What to Expect During a Mini Face-Lift
While a mini face-lift might not be as invasive as a regular face-lift, it’s important to remember that it’s still a major surgery. If you’ve had any sort of previous surgery, you’ll know that the nerves can be real. Try to practice meditation or listen to your favorite music or podcast to help calm your nerves before your surgery. Before the procedure, you’ll typically be given both local and general anesthesia to sedate you. Lin explained that “during a mini face-lift surgery, the surgeon makes an incision right in front of the ear in order to address loose skin and tighten tissue located just below the skin. Excess skin will be removed, and the remaining skin is redraped. Then, the incision is closed so that the scar is hidden just in front of the ear. Overall, the surgery takes around two hours.”
Your surgeon will typically provide you with an antibiotic and pain medication. You should take each as directed by your doctor. Also, according to Lin, you’re likely to go home with bandages on your face, and may have drains that will need to be removed after about 48 hours.
Face-Lifts vs. Mini Face-Lift
Sobel explained to us that a mini face-lift is a less invasive version of a regular face-lift that targets the jowls and upper neck regions, while a full face-lift includes the midface and full neck. Another big difference? A mini face-lift has a shorter scar. “A mini face-lift results in a shorter scar than a regular face-lift. In a mini face-lift, there is only a scar in front of the ear. In a regular face-lift, the scar extends around the bottom of the earlobe and behind the ear,” explains Lin. “Because the scar is shorter in a mini face-lift, a mini face-lift cannot lift skin around the neck as well as a regular face-lift. A mini face-lift is best for patients who have minimal loose skin around the neck but desire improvement in the midface and jowls.”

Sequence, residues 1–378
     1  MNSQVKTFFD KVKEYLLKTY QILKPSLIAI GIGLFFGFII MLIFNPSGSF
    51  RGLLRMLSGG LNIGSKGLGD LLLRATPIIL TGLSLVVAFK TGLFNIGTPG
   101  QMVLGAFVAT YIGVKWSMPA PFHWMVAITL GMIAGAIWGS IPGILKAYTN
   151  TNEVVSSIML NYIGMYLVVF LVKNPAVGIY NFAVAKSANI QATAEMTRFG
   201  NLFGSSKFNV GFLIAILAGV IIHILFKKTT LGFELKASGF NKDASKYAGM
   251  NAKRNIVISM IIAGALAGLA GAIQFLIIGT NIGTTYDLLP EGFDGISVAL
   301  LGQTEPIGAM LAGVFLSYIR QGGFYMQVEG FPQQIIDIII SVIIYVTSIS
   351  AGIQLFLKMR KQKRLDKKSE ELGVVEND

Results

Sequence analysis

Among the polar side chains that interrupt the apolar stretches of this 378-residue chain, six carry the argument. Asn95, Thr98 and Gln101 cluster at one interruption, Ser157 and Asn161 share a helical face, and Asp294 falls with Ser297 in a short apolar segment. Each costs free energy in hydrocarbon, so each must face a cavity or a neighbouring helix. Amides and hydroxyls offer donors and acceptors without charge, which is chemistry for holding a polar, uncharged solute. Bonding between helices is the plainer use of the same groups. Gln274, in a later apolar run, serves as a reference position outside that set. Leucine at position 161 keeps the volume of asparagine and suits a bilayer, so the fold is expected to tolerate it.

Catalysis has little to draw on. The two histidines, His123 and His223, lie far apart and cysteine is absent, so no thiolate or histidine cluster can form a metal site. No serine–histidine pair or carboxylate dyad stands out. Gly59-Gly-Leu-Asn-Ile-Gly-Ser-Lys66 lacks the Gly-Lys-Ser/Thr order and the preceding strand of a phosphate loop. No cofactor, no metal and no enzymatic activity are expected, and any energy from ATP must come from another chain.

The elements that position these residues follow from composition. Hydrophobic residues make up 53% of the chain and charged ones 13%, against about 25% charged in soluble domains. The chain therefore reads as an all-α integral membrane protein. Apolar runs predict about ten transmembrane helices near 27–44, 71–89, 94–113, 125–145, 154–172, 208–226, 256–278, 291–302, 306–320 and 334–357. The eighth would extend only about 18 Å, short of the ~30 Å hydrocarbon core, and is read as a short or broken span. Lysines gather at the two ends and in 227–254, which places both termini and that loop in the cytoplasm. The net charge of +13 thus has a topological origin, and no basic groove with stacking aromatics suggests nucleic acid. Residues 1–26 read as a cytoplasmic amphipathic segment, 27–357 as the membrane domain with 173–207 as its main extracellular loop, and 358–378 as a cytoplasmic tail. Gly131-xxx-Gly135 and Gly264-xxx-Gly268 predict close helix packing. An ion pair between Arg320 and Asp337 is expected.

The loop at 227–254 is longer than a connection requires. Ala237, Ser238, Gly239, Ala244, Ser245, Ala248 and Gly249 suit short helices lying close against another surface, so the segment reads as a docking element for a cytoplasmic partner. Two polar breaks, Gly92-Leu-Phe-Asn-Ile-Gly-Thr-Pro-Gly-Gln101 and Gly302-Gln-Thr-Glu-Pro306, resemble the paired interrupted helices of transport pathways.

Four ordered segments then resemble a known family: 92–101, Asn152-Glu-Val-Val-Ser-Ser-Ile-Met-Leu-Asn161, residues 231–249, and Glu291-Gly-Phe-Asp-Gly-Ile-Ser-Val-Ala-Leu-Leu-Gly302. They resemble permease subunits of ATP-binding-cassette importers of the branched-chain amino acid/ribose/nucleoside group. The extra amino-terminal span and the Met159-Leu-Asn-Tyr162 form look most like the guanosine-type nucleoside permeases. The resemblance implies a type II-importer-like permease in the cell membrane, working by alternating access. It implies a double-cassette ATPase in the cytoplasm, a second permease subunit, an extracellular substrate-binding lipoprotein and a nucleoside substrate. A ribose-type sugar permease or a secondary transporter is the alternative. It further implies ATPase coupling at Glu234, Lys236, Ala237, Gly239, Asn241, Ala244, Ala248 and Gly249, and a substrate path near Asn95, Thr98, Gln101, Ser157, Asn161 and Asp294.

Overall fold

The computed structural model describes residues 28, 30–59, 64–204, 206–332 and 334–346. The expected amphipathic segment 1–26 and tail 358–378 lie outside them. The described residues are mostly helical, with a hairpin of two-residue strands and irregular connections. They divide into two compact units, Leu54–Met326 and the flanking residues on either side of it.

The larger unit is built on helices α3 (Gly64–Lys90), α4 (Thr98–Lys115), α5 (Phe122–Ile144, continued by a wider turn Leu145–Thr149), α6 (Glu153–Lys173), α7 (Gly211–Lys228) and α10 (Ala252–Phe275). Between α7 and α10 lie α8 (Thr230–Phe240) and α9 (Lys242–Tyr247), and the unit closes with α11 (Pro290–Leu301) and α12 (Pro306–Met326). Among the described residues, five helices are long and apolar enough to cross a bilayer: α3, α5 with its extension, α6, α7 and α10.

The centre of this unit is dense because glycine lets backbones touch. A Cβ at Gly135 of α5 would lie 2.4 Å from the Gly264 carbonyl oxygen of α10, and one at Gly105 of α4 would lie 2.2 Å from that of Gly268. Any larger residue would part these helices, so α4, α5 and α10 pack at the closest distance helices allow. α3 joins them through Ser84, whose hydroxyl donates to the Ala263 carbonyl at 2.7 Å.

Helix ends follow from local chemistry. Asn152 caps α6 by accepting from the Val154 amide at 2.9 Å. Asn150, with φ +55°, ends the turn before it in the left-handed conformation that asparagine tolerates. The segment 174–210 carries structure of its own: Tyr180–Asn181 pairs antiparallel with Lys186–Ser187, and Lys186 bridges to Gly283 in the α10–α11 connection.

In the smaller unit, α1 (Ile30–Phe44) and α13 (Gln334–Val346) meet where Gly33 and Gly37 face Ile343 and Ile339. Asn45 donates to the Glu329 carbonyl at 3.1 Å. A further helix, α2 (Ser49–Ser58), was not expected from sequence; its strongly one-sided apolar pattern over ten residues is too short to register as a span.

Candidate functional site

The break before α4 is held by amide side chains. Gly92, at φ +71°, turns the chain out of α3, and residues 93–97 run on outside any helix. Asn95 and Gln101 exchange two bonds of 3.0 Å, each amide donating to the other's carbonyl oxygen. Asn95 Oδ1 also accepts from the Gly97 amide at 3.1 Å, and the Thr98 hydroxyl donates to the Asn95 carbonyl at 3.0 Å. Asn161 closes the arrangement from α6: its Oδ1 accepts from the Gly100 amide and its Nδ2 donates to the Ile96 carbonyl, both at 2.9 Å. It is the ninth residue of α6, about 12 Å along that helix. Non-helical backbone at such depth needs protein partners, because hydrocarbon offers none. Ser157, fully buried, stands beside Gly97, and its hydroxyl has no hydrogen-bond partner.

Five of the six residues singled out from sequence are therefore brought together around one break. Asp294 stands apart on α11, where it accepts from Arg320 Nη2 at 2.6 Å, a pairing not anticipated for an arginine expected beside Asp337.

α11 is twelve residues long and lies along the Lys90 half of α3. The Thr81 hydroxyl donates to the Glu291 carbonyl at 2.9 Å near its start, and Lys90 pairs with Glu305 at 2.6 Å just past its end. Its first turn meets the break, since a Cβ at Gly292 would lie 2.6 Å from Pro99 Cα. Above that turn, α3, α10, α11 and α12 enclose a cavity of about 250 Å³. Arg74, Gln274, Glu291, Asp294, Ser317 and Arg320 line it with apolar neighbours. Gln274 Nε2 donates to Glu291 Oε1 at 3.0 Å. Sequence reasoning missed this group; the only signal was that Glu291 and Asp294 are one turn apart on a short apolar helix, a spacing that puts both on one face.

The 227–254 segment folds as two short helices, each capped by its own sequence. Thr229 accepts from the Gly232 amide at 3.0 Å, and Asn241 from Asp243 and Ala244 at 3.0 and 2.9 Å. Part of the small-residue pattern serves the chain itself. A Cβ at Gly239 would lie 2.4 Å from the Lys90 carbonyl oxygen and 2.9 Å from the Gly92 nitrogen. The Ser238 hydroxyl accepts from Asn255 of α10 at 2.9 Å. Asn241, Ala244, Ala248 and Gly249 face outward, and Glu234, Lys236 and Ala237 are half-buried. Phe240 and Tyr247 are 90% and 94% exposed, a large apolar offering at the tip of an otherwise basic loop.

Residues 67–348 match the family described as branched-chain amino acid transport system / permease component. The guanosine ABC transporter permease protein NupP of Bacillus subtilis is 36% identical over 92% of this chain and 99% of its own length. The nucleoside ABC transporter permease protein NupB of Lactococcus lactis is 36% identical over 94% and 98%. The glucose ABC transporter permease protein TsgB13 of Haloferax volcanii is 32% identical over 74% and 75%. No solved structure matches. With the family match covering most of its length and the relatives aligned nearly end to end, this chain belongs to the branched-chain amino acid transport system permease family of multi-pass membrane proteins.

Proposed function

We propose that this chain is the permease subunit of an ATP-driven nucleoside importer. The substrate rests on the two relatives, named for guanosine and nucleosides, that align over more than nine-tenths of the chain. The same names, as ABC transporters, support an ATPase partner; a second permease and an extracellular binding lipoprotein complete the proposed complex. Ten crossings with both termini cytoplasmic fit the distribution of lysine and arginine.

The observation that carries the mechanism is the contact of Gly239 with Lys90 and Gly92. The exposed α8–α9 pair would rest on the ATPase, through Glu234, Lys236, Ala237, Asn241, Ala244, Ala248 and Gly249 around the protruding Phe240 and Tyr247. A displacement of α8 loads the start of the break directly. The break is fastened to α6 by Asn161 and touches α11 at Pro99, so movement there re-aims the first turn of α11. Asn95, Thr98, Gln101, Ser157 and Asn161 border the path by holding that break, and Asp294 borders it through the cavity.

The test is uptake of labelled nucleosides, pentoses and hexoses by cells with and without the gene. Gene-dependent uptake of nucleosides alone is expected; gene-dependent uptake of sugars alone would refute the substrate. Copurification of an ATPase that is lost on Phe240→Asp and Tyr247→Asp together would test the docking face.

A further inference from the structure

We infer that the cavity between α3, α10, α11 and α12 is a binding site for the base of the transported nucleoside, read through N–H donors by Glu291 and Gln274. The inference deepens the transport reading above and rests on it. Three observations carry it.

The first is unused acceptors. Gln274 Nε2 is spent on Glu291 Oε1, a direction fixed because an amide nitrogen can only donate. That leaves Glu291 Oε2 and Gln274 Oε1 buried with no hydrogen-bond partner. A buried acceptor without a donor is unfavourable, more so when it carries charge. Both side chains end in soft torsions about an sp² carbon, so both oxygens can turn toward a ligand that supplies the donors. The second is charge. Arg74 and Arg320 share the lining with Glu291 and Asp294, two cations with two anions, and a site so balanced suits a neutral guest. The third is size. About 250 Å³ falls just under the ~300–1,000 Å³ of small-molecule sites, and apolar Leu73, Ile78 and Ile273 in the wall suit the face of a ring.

Typically, face-lifts are done on those who are older, or who have had significant weight loss in the face. Parcells adds, “A mini face-lift is performed in younger patients who have been weight stable, have good skin laxity and tone, and need a small to moderate overall improvement.”
Potential Side Effects
After your surgery, it’s common to experience swelling, discomfort, and bruising. Complications from a mini face-lift are rare and are typical of any common surgery. “Complications are those that can arise from any surgical procedure and include the formation of a hematoma, swelling, infection at the surgical site, loss of circulatory supply to the new repositioned tissues, persistent numbness to the surgical site, and scarring,” says Coppola. “Some of these are expected, such as swelling, bruising, and transient numbness, but should subside in a few weeks.” And while rare, there is also the risk of damaging facial nerves. Parcells adds, “The main risk is that you're close to the facial nerve—the nerves that innervate all the muscles of the face.”